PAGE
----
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“My stories always surprise me”: An interview with Annamaria Alfieri

The-Idol-of-Mombasa

Annamaria Alfieri is the author of five historical mysteries, including The Idol of Mombasa, now available from Felony & Mayhem Press. The Idol of Mombasa is the second in a series set in British East Africa, a projected ten-novel series featuring an idealistic English colonial policeman and his wife, a Scottish missionary’s daughter, who was born and raised in Africa. We asked Alfieri a few questions about this novel, the series, and her writing in general.

Felony & Mayhem: Where did the “British East Africa” mystery series begin for you? Was it an image, an idea, a character?

Annamaria Alfieri: All my stories have started with the place and its history. In a sense, British East Africa embedded itself in my imagination when I read Out of Africa as a teenager. That book gave rise to my longing to see the African wilderness for myself and fed my already pre-existing wanderlust. Once I went to Africa twelve years ago, I was completely infatuated with the experience of being there. Setting a book in British East Africa seemed a natural. Then, while I was contemplating the series and beginning some preliminary research, in an unrelated task – I was going through some memorabilia of my father’s – I came upon a leather bookmark that he had had inscribed with the Ten Commandments. BAM! There was an idea fully formed, that the series would follow the Commandments. I had already learned that the Protectorate of British East Africa became the Colony of Kenya in 1920, and it seemed only natural to begin with 1911 and count the Commandments through to 1920. So the series will end when BEA becomes the colony of Kenya.

F&M: You have now written five historical mysteries, books set in different locales and different time periods. How do you go about researching a time and place so far removed from your personal experience?

Alfieri: I have the enormous privilege of being a writer in residence at the splendid New York Public Library. What I want most, in addition to a small smattering of historians’ opinions, is memoirs of people who had feet on the ground in the place and at the time I am writing about. People who are writing about what happened to them — AND what they wore and what they ate, what they did in their free time! They also reveal their own attitudes and opinions about what they saw and experienced. This gives me such insight into the life of ordinary (or extraordinary) people, what they were feeling and thinking about the historical events that were swirling around them. Fortunately, the NYPL has an extensive collection of such books. An embarrassment of riches. With early twentieth century characters, I can also look at photos of what they saw. Sometimes I have to remind myself that their world was not sepia tinted.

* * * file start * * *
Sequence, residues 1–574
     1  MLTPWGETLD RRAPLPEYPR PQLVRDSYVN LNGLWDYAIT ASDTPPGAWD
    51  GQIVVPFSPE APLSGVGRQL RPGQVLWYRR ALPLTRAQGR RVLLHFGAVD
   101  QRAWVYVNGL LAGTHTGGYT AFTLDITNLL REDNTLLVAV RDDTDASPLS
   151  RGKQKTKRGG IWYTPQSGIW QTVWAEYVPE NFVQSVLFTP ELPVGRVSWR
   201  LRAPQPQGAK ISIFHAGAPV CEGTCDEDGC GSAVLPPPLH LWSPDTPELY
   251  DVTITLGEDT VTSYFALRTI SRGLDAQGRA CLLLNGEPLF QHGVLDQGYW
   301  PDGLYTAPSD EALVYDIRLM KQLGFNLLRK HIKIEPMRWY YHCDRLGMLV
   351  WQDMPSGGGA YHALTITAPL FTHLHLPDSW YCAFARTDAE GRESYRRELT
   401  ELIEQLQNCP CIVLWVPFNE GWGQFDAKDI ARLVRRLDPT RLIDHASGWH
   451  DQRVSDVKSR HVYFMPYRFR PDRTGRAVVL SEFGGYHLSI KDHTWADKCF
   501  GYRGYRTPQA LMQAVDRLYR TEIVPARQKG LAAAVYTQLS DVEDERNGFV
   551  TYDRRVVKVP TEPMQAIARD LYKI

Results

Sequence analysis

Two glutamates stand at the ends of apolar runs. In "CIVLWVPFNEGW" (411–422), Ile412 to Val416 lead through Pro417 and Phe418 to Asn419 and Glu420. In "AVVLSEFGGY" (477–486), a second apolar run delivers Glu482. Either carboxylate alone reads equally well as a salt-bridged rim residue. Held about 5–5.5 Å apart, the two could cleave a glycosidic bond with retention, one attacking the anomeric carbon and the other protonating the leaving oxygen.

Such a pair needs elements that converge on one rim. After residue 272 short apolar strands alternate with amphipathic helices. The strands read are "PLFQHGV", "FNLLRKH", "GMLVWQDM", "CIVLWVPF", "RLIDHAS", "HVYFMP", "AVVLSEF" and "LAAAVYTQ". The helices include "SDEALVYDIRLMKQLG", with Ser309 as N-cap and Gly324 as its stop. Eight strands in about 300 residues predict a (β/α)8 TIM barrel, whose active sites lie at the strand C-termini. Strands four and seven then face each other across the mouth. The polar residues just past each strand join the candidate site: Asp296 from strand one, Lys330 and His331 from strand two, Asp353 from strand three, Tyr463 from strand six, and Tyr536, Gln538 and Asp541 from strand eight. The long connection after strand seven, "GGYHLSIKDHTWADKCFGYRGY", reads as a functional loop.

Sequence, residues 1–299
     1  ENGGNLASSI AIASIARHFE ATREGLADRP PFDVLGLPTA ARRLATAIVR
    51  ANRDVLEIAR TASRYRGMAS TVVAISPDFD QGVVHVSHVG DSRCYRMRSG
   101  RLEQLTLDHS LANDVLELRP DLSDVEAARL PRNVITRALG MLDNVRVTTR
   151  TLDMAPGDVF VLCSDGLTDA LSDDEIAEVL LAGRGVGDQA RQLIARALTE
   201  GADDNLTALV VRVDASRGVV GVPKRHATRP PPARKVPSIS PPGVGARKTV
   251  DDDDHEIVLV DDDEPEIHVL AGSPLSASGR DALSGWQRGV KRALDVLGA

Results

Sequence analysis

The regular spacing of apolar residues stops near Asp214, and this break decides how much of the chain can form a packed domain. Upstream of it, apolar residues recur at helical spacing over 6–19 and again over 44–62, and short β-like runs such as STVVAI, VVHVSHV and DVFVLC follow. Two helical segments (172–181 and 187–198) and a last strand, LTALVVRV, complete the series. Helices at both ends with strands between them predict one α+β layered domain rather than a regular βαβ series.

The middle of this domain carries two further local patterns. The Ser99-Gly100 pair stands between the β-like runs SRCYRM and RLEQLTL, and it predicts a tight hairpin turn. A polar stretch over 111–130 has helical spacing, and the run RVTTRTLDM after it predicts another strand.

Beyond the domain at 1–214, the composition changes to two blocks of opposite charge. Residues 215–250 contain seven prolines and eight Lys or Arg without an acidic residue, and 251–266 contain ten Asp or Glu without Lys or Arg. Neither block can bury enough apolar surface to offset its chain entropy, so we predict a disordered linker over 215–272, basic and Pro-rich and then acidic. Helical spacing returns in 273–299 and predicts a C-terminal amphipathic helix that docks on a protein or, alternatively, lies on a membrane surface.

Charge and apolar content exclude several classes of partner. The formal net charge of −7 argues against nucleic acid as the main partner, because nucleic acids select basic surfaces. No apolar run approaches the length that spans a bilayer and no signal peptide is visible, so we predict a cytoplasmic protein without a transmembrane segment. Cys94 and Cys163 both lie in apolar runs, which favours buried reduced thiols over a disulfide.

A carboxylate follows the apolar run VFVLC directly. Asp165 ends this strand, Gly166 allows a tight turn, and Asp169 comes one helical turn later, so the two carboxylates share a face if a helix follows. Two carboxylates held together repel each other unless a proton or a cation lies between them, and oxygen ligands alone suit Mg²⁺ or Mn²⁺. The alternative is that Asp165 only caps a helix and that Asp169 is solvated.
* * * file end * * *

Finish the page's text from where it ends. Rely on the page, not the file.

F&M: What is it like to recreate the way people speak in those different time periods?

Alfieri: This is a technique that all historical novelists develop on an individual basis. For me the most important thing is to sound neither too modern nor too arcane. With the South American novels, I dropped in a Spanish word once in while, to remind the reader that she is not in twenty-first century USA, but only in a way that made its meaning obvious. And, depending on the period, I might or might not use contractions. 1945: Contractions work very well. 1650: no contractions at all. With the Africa series, I have the added issue of writing dialogue for English and Scottish people. So my goal, without being too precious about it, is to throw in a typically English expression. One character, in a moment of exasperation, shouted “Poppycock!” It worked because he’s a blowhard. Or I might have a tony upper-level administrator say, “Whilst you were away…” On the other hand, even if an expression was in common use in 1912, if it sounds too modern, I can’t use it. “Got the drop on me,” for instance, shows up in the writing of a real 1909 BEA policeman. But I can’t let Justin Tolliver say or even think that expression, or the reader will think I have used an anachronism, which would pull the reader out of the story. Nothing I do in the way of technique should ever do that. The story is the most important thing.

F&M: What are your favorite things about your characters, and what do you see as their flaws? And how, if at all, is the plot of your mystery novels connected to either their best qualities or their flaws?

Alfieri: My favorite thing about them is that they all have a foot in two worlds. Vera is African-born, so she is not really Scottish, but she is not really African either. Not 100% grounded in either culture, she can be impetuous, a bit overly self-reliant. Tolliver is an English aristocrat, but he is too in love with Africa and Vera to adopt the line of thinking of the King’s loyal empire builders. He was brought up to follow the rules of his class but is too intelligent and good-hearted not to prickle at the flaws in British attitudes towards the Africans. He is treading a thin line, and can overcompensate when he strays what feels to him to be too far in either direction. Ah, and Kwai Libazo. I love Kwai. He isn’t exactly flawless, but nearly so. His loyalties are his problem: he’s neither Maasai, nor Kikuyu. He’s also not British, but he serves the ideal of justice that he is learning from Tolliver. He follows his heart and his intelligence, but sometimes the two are in conflict, and he can paint himself into a corner on such an occasion.